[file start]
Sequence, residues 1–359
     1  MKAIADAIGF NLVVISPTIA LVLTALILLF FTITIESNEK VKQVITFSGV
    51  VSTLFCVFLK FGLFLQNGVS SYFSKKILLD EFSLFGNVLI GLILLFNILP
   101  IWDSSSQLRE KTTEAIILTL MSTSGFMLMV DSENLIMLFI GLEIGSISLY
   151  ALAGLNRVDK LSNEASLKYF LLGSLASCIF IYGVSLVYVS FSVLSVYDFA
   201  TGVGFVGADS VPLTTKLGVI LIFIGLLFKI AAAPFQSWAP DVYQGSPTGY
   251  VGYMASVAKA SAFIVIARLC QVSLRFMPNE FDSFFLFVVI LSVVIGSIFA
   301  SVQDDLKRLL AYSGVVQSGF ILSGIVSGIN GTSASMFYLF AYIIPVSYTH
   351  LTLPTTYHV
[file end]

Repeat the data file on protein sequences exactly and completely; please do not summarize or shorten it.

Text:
Sequence, residues 1–359
     1  MKAIADAIGF NLVVISPTIA LVLTALILLF FTITIESNEK VKQVITFSGV
    51  VSTLFCVFLK FGLFLQNGVS SYFSKKILLD EFSLFGNVLI GLILLFNILP
   101  IWDSSSQLRE KTTEAIILTL MSTSGFMLMV DSENLIMLFI GLEIGSISLY
   151  ALAGLNRVDK LSNEASLKYF LLGSLASCIF IYGVSLVYVS FSVLSVYDFA
   201  TGVGFVGADS VPLTTKLGVI LIFIGLLFKI AAAPFQSWAP DVYQGSPTGY
   251  VGYMASVAKA SAFIVIARLC QVSLRFMPNE FDSFFLFVVI LSVVIGSIFA
   301  SVQDDLKRLL AYSGVVQSGF ILSGIVSGIN GTSASMFYLF AYIIPVSYTH
   351  LTLPTTYHV